Companies including Apple, Verizon, Twitter, Samsung, Yelp, Bloomberg, Netflix, Autodesk, Mattermark, Orbitz, eBay, Uber and more are already running important parts of their businesses on the DCOS or the open source technologies that comprise it. Most are also incorporating the growing list of ecosystem technologies that the DCOS supports—from Docker to Hadoop. As the DCOS continues to expand its reach and feature set, it’s becoming the de facto platform for managing resources and running applications within forward-thinking companies.

Going forward, we expect our relationships with HPE and Microsoft to pay huge dividends for all of the companies involved—us, them and the customers that trust us. Everyone shares common goals around making IT more efficient, more scalable and more simple to operate. We all believe IT should be more open, more portable and more adaptable to evolving requirements. Combined with underlying infrastructure and cloud services from HPE and Microsoft, the DCOS is an ideal platform to deliver on these goals wherever customers want to run and whatever types of applications they want to build.

A DCOS cluster running dozens of services and hundreds of tasks, ranging from Marathon to HDFS, for test-dev and production.

A DCOS cluster running dozens of services and hundreds of tasks, ranging from Marathon to HDFS, for test-dev and production.

Containers in production with Marathon

Application containers managed by our open source Marathon technology are and will remain a major component of the goals outlined above. Some of the biggest and most innovative companies in the world are already operating production container environments on top of a Mesos+Marathon platform. Yelp’s operation is particularly impressive, including a Marathon-based (and open source) platform-as-a-service system called PaaSTA. Marathon is the most flexible service for container orchestration: In addition to orchestrating Docker containers, Marathon also supports other container formats, such as Linux cgroups (this is the default option in DCOS), and will also support any standard put forth by the Open Container Initiative (OCI).

Marathon 1.0, which we also announced today, represents a major step forward in the world of container orchestration. Marathon has been an open source project for over three years and supports some of the largest production container environments in the world. Today, it turns 1.0 because of how far the technology has come. We congratulate the Marathon team at Mesosphere for major improvements in stability, scalability and usability, as well as maintaining an every-4-week release cycle that ensures a steady stream of technological improvements and fixes.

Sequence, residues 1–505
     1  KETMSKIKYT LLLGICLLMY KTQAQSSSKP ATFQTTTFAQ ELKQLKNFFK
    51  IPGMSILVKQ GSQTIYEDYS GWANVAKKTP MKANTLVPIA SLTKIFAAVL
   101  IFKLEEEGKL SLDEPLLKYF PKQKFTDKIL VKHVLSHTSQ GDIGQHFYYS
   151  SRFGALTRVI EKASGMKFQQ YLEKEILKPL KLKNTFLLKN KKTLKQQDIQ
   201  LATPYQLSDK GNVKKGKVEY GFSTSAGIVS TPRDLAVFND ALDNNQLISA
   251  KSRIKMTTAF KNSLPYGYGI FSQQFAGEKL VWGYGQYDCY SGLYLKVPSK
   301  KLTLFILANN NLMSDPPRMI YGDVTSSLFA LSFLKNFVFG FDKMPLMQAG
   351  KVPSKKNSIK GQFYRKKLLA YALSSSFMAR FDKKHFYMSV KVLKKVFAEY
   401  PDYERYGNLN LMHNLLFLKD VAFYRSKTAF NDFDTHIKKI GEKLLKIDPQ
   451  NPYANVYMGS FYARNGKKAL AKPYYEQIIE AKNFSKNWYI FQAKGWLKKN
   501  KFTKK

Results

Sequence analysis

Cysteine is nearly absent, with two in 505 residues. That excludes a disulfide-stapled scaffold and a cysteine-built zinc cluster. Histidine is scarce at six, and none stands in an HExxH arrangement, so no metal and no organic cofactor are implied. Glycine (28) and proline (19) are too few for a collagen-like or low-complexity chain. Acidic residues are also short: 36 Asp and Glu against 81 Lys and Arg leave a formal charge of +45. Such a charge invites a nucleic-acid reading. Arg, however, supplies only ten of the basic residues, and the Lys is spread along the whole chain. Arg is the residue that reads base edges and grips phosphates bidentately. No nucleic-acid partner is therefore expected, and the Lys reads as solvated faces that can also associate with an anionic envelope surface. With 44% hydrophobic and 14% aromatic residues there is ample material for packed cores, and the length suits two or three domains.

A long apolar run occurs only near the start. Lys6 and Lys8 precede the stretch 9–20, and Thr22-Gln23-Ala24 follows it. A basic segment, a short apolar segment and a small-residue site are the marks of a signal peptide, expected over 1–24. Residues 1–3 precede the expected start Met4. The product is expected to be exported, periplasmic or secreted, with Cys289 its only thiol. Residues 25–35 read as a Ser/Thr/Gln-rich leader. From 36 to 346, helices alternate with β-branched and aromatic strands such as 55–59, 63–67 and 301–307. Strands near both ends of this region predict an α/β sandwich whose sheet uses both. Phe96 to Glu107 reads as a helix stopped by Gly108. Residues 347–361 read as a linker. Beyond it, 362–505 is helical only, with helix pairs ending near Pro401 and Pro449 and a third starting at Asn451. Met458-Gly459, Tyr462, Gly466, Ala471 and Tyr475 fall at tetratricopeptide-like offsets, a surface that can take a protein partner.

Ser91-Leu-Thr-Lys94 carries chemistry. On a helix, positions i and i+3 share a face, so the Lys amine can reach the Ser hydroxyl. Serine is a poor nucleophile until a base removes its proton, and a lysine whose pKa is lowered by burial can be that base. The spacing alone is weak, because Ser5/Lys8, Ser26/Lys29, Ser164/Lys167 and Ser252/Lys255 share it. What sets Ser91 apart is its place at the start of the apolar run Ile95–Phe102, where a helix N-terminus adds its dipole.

Important features added to Marathon in the past year include:

  • Application groups: Users can organize containers into “pods” of related components. For example, you can group together your microservice and its backing database, and control their lifecycle and scaling as a single unit.
  • Application dependencies: Users can explicitly declare the relationships between application components, and Marathon will ensure they’re started in the correct order and that an invalid deployment is never allowed.
  • Rolling upgrades (for zero downtime): Users can control exactly how they’d like Marathon to roll out upgrades to their applications and services, using progressive rollouts, health checks, and rollbacks to ensure zero downtime and high availability.
  • IP per container: Marathon helps users escape port management hell by giving every container its own IP address.
  • Network isolation groups: Marathon ensures that only permitted services can see one another on the network. One great benefit of this feature is that configuration errors in one group can do no damage elsewhere.
  • Extensible plugin system: Marathon is highly extensible with a rich plugin API. Need Marathon to do something differently? Write your own extension.

New features in the 1.0 release include:

  • Fine-grained authorization and multi-tenancy: Marathon on DCOS Enterprise Edition now includes fine-grained authorization and access control. Developers can log into a single Marathon and only see their own applications. This eliminates the complexity of managing many Marathons for different purposes.
  • Stateful services: Marathon can now bind storage volumes to applications, so you can run stateful services, such as databases like MySQL and Postgres, with Marathon and have storage accounted for by Mesos and DCOS.
  • Virtual IP addresses: Marathon running on DCOS can now take advantage of Virtual IPs. Every app can have its own IP: a dedicated, virtual address that other apps can connect to. No more service discovery lookups! Sophisticated DCOS networking ensures that your inbound traffic is not only load balanced, but rerouted in the event of node loss.